I am being inundated with new headlines about market declines and volatility. The last time I wrote about this topic was in 2016. Since that time, the S&P has increased by almost 50% even factoring in the bear market losses we have seen this year. During the last six years, we have experienced declines of greater than 10% four times (in December 2018, March 2020, February 2022 & June 2022).
Each time we experience a market downturn, it feels unprecedented. However, historically, market downturns have happened with surprising frequency. Not only are we in a downturn, it would be unrealistic to think we would not experience future downturns.
That said, it can be uncomfortable to see your assets decline in value. Here is a brief explanation of the psychology behind the reaction to market cycles and some recommendations to help you navigate discomfort.
Psychology and Behavior During These Times
Researchers see a pattern in our behavior during these cycles. In a bear market, like we are in now, investors have a strong aversion to loss, which research has shown is twice as painful as a gain is pleasurable. These feelings make it hard to let go of negative events with persistent worries about another downturn or recession. Procrastination sets in and makes it hard to get into the market or to invest more, at a time when the opportunity may be the greatest.
As the stock market starts to bounce back, the bad memories start to fade. Headlines about stock growth, cause us to then want to take action when stocks have already risen. At this stage, “investors view the last bear market as a one-time aberration, blamed on a housing bubble or a financial crisis,” says Jim Stack, of InvesTech Research in this article. They believe that everything is now under control. We then believe stocks will continue to rise, because that has been the recent trend. As the downturn then comes again, the most recent market top becomes our target point that investors believe they need to reach in order to sell their shares, and the cycle begins again.
Actions You Can Take Now
- Reference a long-term chart of the stock market to help you maintain historical perspective.
While this is the 11th U.S. bear market since 1950, duration and outcomes vary widely, but stocks generally have performed well over the next 12 months. (A bear market is defined as a drop of 20% off its highest level.)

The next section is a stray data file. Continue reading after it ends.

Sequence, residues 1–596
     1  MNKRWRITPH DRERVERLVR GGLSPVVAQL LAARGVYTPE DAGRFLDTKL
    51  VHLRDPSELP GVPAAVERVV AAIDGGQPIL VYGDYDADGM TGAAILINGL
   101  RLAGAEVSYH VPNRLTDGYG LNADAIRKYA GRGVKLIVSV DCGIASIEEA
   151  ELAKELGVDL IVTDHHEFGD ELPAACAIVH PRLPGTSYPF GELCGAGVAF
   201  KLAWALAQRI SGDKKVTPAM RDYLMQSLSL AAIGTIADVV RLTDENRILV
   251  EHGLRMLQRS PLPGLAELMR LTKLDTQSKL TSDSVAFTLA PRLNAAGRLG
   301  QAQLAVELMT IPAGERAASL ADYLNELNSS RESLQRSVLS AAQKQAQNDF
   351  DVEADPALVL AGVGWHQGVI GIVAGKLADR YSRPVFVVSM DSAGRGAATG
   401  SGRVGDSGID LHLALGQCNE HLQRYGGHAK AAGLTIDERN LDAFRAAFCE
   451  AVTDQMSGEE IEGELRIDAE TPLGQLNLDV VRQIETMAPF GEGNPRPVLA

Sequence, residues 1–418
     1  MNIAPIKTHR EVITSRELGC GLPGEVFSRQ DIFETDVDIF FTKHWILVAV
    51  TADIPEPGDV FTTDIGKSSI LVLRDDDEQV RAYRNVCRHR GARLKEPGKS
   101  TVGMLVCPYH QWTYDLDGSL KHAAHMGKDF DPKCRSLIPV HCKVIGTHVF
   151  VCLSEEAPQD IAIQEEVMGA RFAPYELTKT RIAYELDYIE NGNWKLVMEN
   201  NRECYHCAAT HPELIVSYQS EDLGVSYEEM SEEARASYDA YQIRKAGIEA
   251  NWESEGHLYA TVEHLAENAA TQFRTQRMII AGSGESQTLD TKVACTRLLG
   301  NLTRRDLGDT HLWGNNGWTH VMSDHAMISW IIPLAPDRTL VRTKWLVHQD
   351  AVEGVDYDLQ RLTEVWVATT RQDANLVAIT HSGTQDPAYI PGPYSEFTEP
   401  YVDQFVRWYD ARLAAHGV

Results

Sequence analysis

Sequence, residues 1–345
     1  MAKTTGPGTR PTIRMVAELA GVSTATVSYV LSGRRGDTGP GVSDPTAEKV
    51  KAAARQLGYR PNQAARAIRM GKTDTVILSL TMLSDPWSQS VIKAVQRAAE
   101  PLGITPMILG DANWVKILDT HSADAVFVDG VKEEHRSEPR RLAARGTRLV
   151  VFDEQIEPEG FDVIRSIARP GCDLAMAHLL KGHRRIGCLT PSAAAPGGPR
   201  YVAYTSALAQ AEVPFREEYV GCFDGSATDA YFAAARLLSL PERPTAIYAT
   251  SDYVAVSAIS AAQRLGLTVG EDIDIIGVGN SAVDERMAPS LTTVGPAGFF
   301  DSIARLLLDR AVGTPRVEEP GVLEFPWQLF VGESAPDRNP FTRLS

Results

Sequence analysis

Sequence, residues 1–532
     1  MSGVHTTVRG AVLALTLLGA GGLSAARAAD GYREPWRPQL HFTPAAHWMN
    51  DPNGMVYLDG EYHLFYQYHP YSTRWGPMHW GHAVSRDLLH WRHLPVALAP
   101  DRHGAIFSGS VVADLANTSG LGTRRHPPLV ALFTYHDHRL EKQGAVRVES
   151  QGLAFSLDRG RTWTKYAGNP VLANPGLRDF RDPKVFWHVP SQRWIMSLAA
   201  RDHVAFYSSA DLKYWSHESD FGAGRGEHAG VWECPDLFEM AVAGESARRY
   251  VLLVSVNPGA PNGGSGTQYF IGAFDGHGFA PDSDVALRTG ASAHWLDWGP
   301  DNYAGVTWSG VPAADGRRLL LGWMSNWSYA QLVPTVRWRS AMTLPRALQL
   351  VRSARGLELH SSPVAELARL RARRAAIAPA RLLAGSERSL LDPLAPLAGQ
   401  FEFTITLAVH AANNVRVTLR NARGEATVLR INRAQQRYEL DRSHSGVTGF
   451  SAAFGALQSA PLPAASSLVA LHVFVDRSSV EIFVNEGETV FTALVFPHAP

Historically, over the long term, since 1926, a portfolio with 100% stocks provided an average annual return over 12% while a 100% bond portfolio was over 6%.
This is not the time to be changing your long term strategy or to consider getting out of the market. This is easier said than done. Normal market cycles can stir up your emotions and push you to invest unwisely, but being aware of your behavioral biases can help you focus on your long-term plan.
Resist the urge to check your balances daily. Monthly statements are more than ample timeframes to get a peek at your performance.
- Determine an asset allocation that is both diversified and appropriate to your risk tolerance and stage in life, and then rebalance on schedule, no matter what the market is doing.
Given your feelings during this time of market downturn, you may want to reconsider the level of risk you are willing to take. It is important to note that the impact of market volatility is dependent upon the stock and bond percentage within your portfolio. Stocks (and stock funds) tend to be impacted the most by changes in the market, but they also have the potential for higher returns. Whereas, cash and bonds trade off higher returns for less risk. This can be adjusted over time so that you are not selling at an inopportune time.
- Build up cash reserves and pad your emergency fund.
Typically three to six months of living expenses in cash are recommended in case you need it for unexpected expenses or a job loss. This will allow you not to be reliant on long term investments in the near term, which you want to avoid when there is a market decline. In other words an emergency fund can help you ride out market downturns when they happen. If you are in or close to retirement, keep enough cash to cover one to three years of living expenses so you can spend your cash instead of pulling from investments that have decreased.
If you’re saving for a long-term goal (such as eventual retirement), dollar-cost average by investing a fixed amount on a regular schedule.
In other words, automate your investing. This takes the emotion out of buying and lowers your average cost per share.
Long Term Success
These strategies are critical to building a foundation for your long term investing and financial success. Market downturns are normal and will continue to happen over time. My aim is that this information helps you prepare for them and experience them with less angst.
Image courtesy of: Dana Sredojevic